Sometimes you need to draw a simple network diagram, like this Hasse diagram
but you don’t have a good graph drawing tool. Get Graphviz! Easy to learn, scriptable, and FREE.
Here’s a plain-English metaphor:
- What does the Fourier Transform do? Given a smoothie, it finds the recipe.
- How? Run the smoothie through filters to extract each ingredient.
- Why? Recipes are easier to analyze, compare, and modify than the smoothie itself.
- How do we get the smoothie back? Blend the ingredients.
Here’s the “math English” version of the above:
- The Fourier Transform takes a time-based pattern, measures every possible cycle, and returns the overall “cycle recipe” (the amplitude, offset, & rotation speed for every cycle that was found).
Tip from Kotke, who has a cool Fourier Transform video.
The Justice Department and the Census Bureau are engaged in a kerfuffle over the 2020 Census. It’s all about a question of citizenship: “What country are you a citizen of?” With the inevitable congressional reapportionment that occurs based on the Census, this is a question that many states really don’t want to know the answer to.
My take: the Census Bureau has been crying poor for years now. The Trump Administration should jawbone Congress into increasing the Bureau’s funding, but only if they ASK THE QUESTION (and report the answers).
Update: Now folks should really be worried. Combine citizenship data with Google location data (“we have ways to make you opt in”), and some dedicated data miners could find every Android-using illegal alien in the country.
Tips from the Instapundit, where the signal-to-noise ratio seems to be increasing lately.
Update: It has come to my attention that at least one other branch of the federal government already ASKS THE QUESTION, to wit, the Justice Department’s Bureau of Alcohol, Tobacco, Firearms, and Explosives* E-Form 4473, Firearms Transaction Record has Questions 12 and 13:
In other words, you cannot exercise your 2nd Amendment right to own a firearm unless you ANSWER THE QUESTION.
* Or what I call a Redneck Hedge Fund.
Want to save the planet? How about starting by saving the birds. Here’s a Pareto graph that gives a strong hint of where to start:
That’s right, get the cat population under control. Eradicate feral cat colonies, and euthanize cat collections (oh, and institutionalize obsessive cat ladies). The whole country needs to grow up and get that “cute little kitty” lie out of their heads, and replace it with something more realistic, like “bird murderer.”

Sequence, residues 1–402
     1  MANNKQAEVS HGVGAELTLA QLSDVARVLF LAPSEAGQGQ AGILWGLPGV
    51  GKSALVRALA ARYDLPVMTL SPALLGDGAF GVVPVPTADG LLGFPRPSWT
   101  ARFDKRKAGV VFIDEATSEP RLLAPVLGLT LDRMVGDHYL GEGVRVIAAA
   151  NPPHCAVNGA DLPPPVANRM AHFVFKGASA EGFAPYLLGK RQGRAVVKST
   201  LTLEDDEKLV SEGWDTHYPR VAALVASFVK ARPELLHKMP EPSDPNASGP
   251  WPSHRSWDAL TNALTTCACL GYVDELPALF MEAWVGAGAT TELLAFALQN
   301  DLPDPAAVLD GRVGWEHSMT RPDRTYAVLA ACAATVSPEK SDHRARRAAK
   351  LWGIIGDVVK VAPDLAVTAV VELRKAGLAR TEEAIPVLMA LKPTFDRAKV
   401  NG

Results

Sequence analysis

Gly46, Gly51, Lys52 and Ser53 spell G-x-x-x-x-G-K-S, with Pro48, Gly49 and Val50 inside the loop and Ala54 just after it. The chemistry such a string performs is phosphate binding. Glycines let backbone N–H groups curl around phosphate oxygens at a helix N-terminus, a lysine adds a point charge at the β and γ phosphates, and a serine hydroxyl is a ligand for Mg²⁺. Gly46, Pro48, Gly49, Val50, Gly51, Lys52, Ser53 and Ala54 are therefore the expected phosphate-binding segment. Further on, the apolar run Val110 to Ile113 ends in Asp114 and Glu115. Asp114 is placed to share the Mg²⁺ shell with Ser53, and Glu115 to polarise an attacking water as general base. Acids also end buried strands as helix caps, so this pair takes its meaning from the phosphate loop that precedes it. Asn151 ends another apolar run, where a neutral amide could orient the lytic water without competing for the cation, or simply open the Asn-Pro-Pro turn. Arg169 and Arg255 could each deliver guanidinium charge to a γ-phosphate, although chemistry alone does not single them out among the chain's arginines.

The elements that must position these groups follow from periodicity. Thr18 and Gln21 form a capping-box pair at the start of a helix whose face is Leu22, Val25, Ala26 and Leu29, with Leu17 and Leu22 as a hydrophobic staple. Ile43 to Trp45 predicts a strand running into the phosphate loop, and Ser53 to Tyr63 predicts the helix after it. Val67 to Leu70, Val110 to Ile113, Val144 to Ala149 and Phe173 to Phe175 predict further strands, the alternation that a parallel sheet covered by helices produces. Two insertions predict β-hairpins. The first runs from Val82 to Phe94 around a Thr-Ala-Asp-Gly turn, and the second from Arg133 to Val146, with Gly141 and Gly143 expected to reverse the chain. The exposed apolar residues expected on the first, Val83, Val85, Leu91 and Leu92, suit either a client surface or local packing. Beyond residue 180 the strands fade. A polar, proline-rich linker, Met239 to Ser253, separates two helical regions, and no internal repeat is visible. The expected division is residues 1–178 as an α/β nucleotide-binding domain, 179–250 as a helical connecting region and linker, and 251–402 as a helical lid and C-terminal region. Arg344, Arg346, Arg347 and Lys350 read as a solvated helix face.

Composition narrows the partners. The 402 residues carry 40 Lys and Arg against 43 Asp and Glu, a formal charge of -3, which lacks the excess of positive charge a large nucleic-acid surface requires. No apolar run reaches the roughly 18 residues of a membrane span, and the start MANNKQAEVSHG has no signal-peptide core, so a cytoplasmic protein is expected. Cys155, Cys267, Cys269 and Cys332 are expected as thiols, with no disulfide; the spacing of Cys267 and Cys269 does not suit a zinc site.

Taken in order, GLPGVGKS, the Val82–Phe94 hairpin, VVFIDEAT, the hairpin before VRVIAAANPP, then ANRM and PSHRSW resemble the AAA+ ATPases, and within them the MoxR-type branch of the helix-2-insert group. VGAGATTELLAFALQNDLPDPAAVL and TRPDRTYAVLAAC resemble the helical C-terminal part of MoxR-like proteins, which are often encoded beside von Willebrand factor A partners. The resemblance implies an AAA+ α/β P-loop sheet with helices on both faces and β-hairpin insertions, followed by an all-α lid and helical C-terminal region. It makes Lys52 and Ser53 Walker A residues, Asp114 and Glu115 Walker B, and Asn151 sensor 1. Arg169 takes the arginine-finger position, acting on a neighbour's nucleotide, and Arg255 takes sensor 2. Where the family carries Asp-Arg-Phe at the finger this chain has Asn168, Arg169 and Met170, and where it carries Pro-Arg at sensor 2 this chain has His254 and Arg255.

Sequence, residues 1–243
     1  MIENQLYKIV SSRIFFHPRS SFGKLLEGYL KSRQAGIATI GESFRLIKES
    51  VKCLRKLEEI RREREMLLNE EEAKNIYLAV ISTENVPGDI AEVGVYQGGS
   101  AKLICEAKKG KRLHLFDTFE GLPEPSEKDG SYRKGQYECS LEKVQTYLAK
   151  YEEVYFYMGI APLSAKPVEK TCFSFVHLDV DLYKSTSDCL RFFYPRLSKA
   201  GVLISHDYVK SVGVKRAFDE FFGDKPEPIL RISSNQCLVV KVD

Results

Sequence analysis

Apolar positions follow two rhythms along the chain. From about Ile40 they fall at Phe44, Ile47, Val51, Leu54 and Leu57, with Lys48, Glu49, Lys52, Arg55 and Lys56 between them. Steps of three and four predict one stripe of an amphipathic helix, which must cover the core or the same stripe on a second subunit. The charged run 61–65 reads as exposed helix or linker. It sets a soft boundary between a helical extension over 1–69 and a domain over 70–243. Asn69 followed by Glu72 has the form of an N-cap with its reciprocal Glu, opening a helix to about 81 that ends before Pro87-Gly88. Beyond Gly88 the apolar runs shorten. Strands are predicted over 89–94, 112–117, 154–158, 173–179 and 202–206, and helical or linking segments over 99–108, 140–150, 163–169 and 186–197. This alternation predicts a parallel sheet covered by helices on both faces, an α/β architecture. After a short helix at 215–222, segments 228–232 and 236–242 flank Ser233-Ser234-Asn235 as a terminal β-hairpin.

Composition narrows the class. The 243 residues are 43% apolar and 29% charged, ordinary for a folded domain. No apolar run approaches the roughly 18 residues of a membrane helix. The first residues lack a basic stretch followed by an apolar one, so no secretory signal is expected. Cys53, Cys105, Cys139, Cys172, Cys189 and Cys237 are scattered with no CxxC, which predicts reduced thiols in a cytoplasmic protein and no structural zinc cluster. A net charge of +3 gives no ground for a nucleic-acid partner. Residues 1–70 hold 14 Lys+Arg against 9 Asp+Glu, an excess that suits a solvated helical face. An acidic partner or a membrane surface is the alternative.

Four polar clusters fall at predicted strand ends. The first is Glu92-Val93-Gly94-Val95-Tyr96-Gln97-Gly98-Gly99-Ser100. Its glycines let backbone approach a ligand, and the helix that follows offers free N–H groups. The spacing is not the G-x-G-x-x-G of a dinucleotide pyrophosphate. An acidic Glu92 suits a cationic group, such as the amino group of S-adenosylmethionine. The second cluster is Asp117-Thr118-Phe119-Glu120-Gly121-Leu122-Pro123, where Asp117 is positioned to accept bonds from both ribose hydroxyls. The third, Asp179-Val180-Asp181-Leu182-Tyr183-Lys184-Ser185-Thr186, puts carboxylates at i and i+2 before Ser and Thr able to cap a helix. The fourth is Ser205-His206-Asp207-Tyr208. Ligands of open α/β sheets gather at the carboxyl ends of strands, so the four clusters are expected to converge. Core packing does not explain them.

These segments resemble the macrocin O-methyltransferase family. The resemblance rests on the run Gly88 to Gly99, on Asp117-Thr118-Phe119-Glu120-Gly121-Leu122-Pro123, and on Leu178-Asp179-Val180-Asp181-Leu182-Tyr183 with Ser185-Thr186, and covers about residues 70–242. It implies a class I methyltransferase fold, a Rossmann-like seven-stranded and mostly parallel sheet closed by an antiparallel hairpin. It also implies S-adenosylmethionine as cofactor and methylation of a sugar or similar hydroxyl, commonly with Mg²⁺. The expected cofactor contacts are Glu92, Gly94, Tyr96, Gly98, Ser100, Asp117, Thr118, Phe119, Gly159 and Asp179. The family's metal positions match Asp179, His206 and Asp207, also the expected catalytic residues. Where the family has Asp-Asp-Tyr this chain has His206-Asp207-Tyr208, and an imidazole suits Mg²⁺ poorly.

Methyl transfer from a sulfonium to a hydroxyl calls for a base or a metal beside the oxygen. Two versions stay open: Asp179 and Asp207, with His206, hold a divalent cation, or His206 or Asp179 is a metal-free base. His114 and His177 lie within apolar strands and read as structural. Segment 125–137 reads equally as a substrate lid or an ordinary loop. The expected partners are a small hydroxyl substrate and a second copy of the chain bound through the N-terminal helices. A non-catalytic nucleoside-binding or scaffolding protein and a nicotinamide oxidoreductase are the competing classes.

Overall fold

Update: One Dallas suburb is infested with feral cats, protected by a well-connected cat lady.
Five very interesting articles recently popped up on the web, suggesting that current science is much more interesting than the average Joe might think:
*ESPN’s website that analyzes sport statistics, election polling, and (apparently) anything else that catches their analysts’ eyes.
…everything looks like a nail.
Daniel Lakens, the 20% Statistician, takes a rare but easy shot at statisticians and null hypothesis significance testing.
Our statistics education turns a blind eye to training people how to ask a good question. After a brief explanation of what a mean is, and a pit-stop at the normal distribution, we jump through as many tests as we can fit in the number of weeks we are teaching. We are training students to perform tests, but not to ask questions
…the Statisticians’ Fallacy: Statisticians who tell you ‘what you really want to know’, instead of explaining how to ask one specific kind of question from your data.
My favorite is the two-tailed test of the difference of two means, which can provide evidence that the two are different, but not that they are (nearly) the same. My runners up are goodness-of-fit tests, which do no such thing. Sometimes I feel like I’m selling the researcher’s version of Snake Oil, rather than teaching sound data analysis and interpretation.
Lakens closes with an excellent addendum, a reference to David Hand’s Deconstructing Statistical Questions, which goes into much more detail.
Wisdom hath built her house, she hath hewn out her seven pillars. –Proverbs 9:1
I just finished Stephen Stigler’s The Seven Pillars of Statistical Wisdom, and I’m daunted–and embarrassed that I waited so long to read it. Stigler gives us a structure and taxonomy to statistical thinking* that gives us the “big picture” of statistics.
Quite a difference from the descriptives-to-inference-to-models approach that most textbook authors follow. This is making me rethink how I approach my introductory courses, especially those for statistics majors. I’m starting with a baby step: adding the (inexpensive, paperbound) book as a required reading in my statistical research methods class.
*the 7 pillars: aggregation, information, likelihood, intercomparison, regression, design, and residual (and that’s just the table of contents!)